sat 07/12/2019

CD: Morganway - Morganway | reviews, news & interviews

CD: Morganway - Morganway

CD: Morganway - Morganway

A sextet set to go their own way

Polish and promise

On the face of it, the idea of “an East Anglian Americana collective” is a little weird, but then East Anglia’s an area that’s historically been host to a lot of Yanks and it was from one of the USAF bases that the late great Paul Oliver, the British polymath who chronicled the blues in so many ground-breaking books, first heard the sounds of authentic Americana. The flatlands there may not "shine like a National guitar", but hey...

So here we are, a high-energy eponymous debut album from Morganway, a six-piece that’s been championed by Bob Harris and which began a festival tour last month that brings them to London with two dates, including one at Camden’s award-winning Green Note, whose owners have always displayed impeccable taste.

The founders are twin brothers Callum and Kieran Morgan, who between them handle vocals, guitar, lead guitar and bass, and who formed their own band because their cross-genre interests didn’t seem to fit anywhere else. In due course, they were joined by vocalist SJ Mortimer, a popular music grad who invested her own money to record a solo album, Nashville Sessions, in Music City; fiddler Nicole Terry; Matt Brocklehurst on keyboards; and Ed Bullinger on drums.

Callum describes Morganway as “a band of many influences” and the promo pitch is Fleetwood Mac-meets-the Eagles and Bruce Springsteen, though I personally don’t hear too much Eagles. Tom Petty maybe, but Fleetwood Mac is the most obvious comparison (on “Hurricane” particularly), not least because of the line-up. It’s a big sound with an “as-live” feel, though the various textural layers and effects mean that’s obviously not the case. Tightly layered harmonies, always well-executed, are a characterising feature of many of the songs, while the instrumentation nods at various times to grunge, blues and a hint of folk, all well-executed.

“Frozen in Our Time” is the single, and it’s distinguished by strong female vocals, lead guitar and violin duelling over heavy percussion and power chords which finally dissolve into nothingness. “Hurricane” shows off Mortimer’s impressive pipes, violin and guitar screaming away behind her. Musically and lyrically, “London Life” feels very retro, those vocal harmonies to the fore, drums insistent, fiddle making its presence felt. “Daylight Rising” has a pleasingly acoustic vibe and lyrics to which there’s rather less than meets the eye. “I Want No Other Love” closes the album, bass and fiddle entering first, then Mortimer and Terry, then the rat-a-tat-tat of the snare, and finally the guys, as Morganway’s tight harmonies assert “there is no other love, there is no other love”, on and on, over two chords and an ostinato bass until the song’s abrupt conclusion, distort and fade.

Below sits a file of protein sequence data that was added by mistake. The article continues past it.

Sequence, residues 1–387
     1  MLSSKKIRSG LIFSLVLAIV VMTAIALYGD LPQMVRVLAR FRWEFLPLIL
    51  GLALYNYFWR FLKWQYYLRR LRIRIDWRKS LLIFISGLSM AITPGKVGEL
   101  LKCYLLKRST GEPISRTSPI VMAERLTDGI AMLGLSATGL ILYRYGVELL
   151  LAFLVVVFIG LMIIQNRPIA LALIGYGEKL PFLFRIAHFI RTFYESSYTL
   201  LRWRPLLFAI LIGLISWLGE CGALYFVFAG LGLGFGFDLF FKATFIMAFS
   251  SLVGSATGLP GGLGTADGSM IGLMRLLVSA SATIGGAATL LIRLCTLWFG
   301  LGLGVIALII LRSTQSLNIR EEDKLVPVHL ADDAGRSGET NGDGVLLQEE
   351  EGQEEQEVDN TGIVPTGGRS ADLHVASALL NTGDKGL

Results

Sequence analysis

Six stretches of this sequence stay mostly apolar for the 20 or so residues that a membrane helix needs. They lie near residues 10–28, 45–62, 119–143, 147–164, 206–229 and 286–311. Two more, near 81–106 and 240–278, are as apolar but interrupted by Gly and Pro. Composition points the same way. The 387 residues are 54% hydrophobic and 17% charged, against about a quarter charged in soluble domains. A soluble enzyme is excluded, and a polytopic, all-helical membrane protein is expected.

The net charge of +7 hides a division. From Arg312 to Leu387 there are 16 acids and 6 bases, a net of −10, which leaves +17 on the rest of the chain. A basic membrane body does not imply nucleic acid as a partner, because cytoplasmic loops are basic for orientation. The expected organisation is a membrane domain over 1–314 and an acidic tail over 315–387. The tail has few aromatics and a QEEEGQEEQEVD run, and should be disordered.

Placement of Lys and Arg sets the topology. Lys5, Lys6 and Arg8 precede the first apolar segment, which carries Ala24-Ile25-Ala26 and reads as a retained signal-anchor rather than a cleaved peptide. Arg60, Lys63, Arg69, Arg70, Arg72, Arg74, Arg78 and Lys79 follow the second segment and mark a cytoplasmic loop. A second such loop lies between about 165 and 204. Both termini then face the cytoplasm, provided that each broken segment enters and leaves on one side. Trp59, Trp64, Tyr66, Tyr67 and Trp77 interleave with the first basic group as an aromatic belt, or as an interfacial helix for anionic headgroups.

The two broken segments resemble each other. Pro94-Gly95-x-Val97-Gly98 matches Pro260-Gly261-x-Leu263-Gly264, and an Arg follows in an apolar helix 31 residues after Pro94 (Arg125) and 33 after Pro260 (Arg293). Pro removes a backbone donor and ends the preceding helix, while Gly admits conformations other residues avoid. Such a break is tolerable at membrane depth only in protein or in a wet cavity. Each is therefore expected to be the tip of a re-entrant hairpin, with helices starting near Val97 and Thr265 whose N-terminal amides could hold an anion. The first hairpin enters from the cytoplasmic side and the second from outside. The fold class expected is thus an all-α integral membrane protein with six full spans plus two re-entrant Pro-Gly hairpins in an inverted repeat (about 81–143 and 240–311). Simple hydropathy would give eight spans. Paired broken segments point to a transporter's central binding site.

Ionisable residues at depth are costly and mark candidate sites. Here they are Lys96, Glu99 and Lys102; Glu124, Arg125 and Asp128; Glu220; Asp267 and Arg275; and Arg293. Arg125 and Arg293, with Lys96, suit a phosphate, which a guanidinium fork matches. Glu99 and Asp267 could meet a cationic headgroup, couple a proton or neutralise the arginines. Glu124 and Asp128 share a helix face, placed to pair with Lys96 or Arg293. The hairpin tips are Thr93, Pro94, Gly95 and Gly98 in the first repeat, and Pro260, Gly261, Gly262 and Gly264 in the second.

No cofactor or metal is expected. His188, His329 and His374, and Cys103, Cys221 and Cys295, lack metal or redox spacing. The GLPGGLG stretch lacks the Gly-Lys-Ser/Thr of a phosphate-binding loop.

This is a musically polished debut that holds the promise of an exciting future. Videos suggest a good live act – but the lyrics could perhaps do with a bit more attention.




A big sound with an 'as-live' feel... Tightly layered harmonies are a characterising feature of many of the songs

rating

Editor Rating: 
3
Average: 3 (1 vote)

Share this article

Add comment

Subscribe to theartsdesk.com

Thank you for continuing to read our work on theartsdesk.com. For unlimited access to every article in its entirety, including our archive of more than 10,000 pieces, we're asking for £3.95 per month or £30 per year. We feel it's a very good deal, and hope you do too.

To take an annual subscription now simply click here.

And if you're looking for that extra gift for a friend or family member, why not treat them to a theartsdesk.com gift subscription?

newsletter

Get a weekly digest of our critical highlights in your inbox each Thursday!

Simply enter your email address in the box below

View previous newsletters